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Snowfall map for the March 20-22 nor'easter (top left), along with a series of NASA MODIS Terra images from March 23rd (top right), 24th (bottom left), and 26th (bottom right) that show the snowfall pattern and subsequent melting from the storm. By March 26th, remaining snow cover was mainly confined to higher elevations of northern NJ and thinly covering the ground in inland portions of Monmouth County.

While the first and last few days of the month came in disguised as a lamb, March 2018 was a roaring lion on many occasions. Three nor’easters pounded New Jersey, with a fourth grazing the state, turning more of its wrath on southeastern New England. In true nor’easter fashion, the storms brought minor to moderate coastal flooding, significant beach erosion, powerful winds, heavy rain, and record- to near-record-breaking snowfall. This led to two of the larger power outages since Sandy in 2012, numerous traffic accidents, significant tree damage, frequent school closings, and even someone being injured by lightning during a snowstorm.

Latest Extremes

City, State Temp
Fortescue, NJ 59
Mansfield, NJ 59
Cherry Hill, NJ 58
Hamilton, NJ 58
Wayne, NJ 58
City, State Temp
High Point Monument, NJ 47
High Point, NJ 49
Charlotteburg, NJ 52
Walpack, NJ 53
Kingwood, NJ 53
most current information as of Apr 22 10:15 AM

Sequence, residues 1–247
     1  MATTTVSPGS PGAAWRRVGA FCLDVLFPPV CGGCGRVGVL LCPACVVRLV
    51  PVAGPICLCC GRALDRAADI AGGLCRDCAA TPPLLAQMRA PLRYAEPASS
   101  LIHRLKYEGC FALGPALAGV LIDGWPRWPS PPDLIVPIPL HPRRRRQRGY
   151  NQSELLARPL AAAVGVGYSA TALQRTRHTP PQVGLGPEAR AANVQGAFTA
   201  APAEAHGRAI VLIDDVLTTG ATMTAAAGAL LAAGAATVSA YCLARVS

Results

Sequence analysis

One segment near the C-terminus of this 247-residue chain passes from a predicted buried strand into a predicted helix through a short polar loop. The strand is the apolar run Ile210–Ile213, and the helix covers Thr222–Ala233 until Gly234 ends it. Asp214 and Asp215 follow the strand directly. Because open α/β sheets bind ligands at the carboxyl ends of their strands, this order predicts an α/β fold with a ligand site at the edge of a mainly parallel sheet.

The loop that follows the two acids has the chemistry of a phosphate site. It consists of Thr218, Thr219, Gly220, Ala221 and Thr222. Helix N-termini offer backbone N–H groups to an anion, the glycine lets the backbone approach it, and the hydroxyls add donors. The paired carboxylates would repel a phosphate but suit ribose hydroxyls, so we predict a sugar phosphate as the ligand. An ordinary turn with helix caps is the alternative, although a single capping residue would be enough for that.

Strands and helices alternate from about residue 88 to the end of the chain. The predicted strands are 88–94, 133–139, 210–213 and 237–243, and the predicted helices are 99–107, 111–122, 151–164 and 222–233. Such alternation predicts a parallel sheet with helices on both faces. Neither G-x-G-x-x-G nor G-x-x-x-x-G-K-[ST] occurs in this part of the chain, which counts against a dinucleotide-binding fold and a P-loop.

Latest Conditions & Forecast

New Brunswick, NJ

Rutgers University Meteorology Program

57°F

Wind

2 mph from the WSW

Wind Gust

7 mph from the NW

Sunny
64 °F
Mostly Clear
41 °F
Sunny
61 °F
Increasing Clouds
40 °F
Cloudy
59 °F
Chance Rain and Patchy Fog then Rain and Patchy Fog
48 °F
Rain and Patchy Fog
62 °F
Rain Likely
48 °F
Chance Showers
64 °F
Partly Cloudy
45 °F
Mostly Sunny
65 °F
Chance Showers
46 °F
Chance Showers
62 °F

Today

Sunny, with a high near 64. Northwest wind 3 to 6 mph.

Tonight

Mostly clear, with a low around 41. Light and variable wind.

Monday

Sunny, with a high near 61. Light and variable wind becoming south around 6 mph in the afternoon.

Monday Night

Increasing clouds, with a low around 40. Southeast wind around 5 mph becoming calm in the evening.

Tuesday

Cloudy, with a high near 59. Light southeast wind increasing to 6 to 11 mph in the morning.

Tuesday Night

Rain, mainly after midnight. Patchy fog. Low around 48. Chance of precipitation is 80%. New precipitation amounts between a half and three quarters of an inch possible.

Wednesday

Rain. Patchy fog before 2pm. High near 62. Chance of precipitation is 80%.